More than ever before, a game review these days is often little more than a snapshot of a work in progress. Developers are rarely finished with games just because they’ve launched, and in certain cases, so much is added after the fact that whatever I thought at a game’s release no longer fits terribly well. A fine example of that is Demon’s Rise ($7.99), the debut SRPG from developer Wave Light Games. Wave Light worked hard on balancing the game, adding lots of content, and implementing features, taking it far beyond what was in the initial release. In fact, the developer recently updated it again, and will be doing more in the future. It’s great, but it also presents something of a challenge when it comes to a follow-up.
Depending on which version of Demon’s Rise you played, Demon’s Rise 2 ($7.99) is either miles beyond it or a lateral step. It’s only been just over a year since the first game came out, but Wave Light has learned a great deal in that time and poured all of that knowledge into making the first game the best that it can be. Demon’s Rise 2 benefits from all of those lessons learned, and as a result, is launching in essentially the state that the first game achieved after a year of feedback and improvements. It addresses nearly every issue I pointed in out in my review of the first game, because, well, the developer has already addressed those through updates to Demon’s Rise. If you were to play both games in the series now, you wouldn’t find a lot of differences in the mechanics, but that doesn’t mean that this isn’t an excellent sequel.
Allowing that the nuts and bolts are quite similar to the first game’s current state, what Demon’s Rise 2 brings to the table is a completely new cast of playable characters, a brand new campaign, a new set of quick (formerly known as patrol) missions, and of course, plenty of spiffy new gear to collect and equip. The list of playable characters is considerably smaller than that of the first game, and there’s a lot less redundancy as a result. Few characters overlap with each other the way they tend to in the first game, and that’s a change for the better. Fortunately, this reduced cast is just as imaginative as the roster of the original game. You won’t find many of the typical fantasy character classes in Demon’s Rise 2, but you will find a giant, hammer-wielding polar bear.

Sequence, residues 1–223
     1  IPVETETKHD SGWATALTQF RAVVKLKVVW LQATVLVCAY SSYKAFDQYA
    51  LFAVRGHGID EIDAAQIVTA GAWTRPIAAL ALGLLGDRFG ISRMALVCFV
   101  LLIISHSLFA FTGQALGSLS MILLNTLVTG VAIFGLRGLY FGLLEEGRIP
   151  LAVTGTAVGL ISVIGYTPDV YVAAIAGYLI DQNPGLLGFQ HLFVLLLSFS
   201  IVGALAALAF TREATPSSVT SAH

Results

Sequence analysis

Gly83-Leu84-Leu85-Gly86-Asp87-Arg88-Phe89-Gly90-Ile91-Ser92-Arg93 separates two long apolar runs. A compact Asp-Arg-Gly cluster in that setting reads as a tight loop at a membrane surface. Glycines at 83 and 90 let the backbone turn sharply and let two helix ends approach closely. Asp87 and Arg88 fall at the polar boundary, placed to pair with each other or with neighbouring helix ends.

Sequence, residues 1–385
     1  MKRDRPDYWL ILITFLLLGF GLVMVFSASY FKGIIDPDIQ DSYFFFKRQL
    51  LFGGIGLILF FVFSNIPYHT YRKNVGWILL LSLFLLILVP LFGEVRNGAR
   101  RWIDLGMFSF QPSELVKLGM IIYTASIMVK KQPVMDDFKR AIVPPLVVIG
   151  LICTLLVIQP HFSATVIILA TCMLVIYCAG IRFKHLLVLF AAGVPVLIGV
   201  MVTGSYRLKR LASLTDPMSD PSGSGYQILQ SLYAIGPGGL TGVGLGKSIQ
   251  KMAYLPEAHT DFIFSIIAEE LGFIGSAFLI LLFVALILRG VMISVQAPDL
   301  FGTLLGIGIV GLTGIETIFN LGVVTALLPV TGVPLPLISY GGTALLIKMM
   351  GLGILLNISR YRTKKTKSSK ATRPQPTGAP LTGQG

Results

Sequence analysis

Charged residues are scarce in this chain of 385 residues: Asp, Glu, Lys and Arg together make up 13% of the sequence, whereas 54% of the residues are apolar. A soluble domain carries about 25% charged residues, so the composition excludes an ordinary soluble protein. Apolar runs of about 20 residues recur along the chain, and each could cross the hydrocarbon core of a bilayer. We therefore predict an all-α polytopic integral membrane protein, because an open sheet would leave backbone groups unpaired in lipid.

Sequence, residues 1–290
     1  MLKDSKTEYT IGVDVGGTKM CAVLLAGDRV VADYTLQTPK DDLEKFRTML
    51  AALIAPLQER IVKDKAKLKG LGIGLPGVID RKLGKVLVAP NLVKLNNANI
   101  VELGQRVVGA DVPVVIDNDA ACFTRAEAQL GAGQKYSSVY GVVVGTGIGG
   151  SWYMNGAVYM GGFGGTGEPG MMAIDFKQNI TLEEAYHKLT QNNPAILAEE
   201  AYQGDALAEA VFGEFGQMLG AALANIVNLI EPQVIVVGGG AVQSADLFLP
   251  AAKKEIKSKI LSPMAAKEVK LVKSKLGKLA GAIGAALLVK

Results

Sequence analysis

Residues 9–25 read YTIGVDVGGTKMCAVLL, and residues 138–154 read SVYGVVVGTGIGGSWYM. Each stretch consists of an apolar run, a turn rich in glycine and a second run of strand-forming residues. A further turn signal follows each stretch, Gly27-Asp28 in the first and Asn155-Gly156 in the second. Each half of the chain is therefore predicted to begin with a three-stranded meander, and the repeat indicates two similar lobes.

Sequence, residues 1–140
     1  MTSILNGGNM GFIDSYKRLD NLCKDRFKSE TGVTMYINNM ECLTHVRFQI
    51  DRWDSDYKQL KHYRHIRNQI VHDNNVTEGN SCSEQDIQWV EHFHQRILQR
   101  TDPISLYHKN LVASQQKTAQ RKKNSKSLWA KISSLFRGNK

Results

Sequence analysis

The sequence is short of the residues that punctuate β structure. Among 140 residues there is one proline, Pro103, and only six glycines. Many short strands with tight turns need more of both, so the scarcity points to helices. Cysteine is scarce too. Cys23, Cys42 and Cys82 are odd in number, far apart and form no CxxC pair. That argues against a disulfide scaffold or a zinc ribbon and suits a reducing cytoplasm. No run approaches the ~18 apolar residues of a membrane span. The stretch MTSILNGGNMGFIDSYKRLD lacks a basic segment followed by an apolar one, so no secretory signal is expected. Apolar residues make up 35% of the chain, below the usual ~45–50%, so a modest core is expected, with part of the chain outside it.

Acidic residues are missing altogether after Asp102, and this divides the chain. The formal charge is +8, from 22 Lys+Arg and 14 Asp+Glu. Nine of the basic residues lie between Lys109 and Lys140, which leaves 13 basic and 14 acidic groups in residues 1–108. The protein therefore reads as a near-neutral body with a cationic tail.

From a story perspective, you’re playing as the army of a dark lord this time, so your characters tend to be more Hell Knights and Blood Shamans than Paladins and Clerics. In practice, however, the gameplay is the same sort of tactical turn-based action that the original game does so well. You’ll bring a party of six members into a series of 30 campaign missions with a variety of goals that usually come down to killing all of your opponents. After clearing a battle, your party will earn experience points and get some gold and potentially some new gear. Leveling up increases a character’s stats and opens up new special abilities, and you can spend your gold on new equipment at the shop that’s accessible between missions. Just as in the previous game, you can also head out on up to 30 side missions between battles. They’re called quick missions here, but they work as they did before, giving you an extra source of enjoyment and experience if you’re stuck on a particular campaign mission.